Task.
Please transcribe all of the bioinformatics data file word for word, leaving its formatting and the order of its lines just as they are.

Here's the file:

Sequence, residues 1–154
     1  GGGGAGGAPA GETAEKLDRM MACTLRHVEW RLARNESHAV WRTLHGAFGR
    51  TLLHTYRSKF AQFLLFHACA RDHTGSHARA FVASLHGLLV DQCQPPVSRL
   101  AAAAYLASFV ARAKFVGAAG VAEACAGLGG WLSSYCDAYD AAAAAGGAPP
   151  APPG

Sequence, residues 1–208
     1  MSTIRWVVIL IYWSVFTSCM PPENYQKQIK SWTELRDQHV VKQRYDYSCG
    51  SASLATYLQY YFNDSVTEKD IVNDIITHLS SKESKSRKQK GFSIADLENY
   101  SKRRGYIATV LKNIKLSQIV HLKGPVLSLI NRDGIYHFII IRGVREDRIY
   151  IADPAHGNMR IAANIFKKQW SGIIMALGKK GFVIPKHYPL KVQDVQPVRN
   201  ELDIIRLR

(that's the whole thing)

Sequence, residues 1–154
     1  GGGGAGGAPA GETAEKLDRM MACTLRHVEW RLARNESHAV WRTLHGAFGR
    51  TLLHTYRSKF AQFLLFHACA RDHTGSHARA FVASLHGLLV DQCQPPVSRL
   101  AAAAYLASFV ARAKFVGAAG VAEACAGLGG WLSSYCDAYD AAAAAGGAPP
   151  APPG

Sequence, residues 1–208
     1  MSTIRWVVIL IYWSVFTSCM PPENYQKQIK SWTELRDQHV VKQRYDYSCG
    51  SASLATYLQY YFNDSVTEKD IVNDIITHLS SKESKSRKQK GFSIADLENY
   101  SKRRGYIATV LKNIKLSQIV HLKGPVLSLI NRDGIYHFII IRGVREDRIY
   151  IADPAHGNMR IAANIFKKQW SGIIMALGKK GFVIPKHYPL KVQDVQPVRN
   201  ELDIIRLR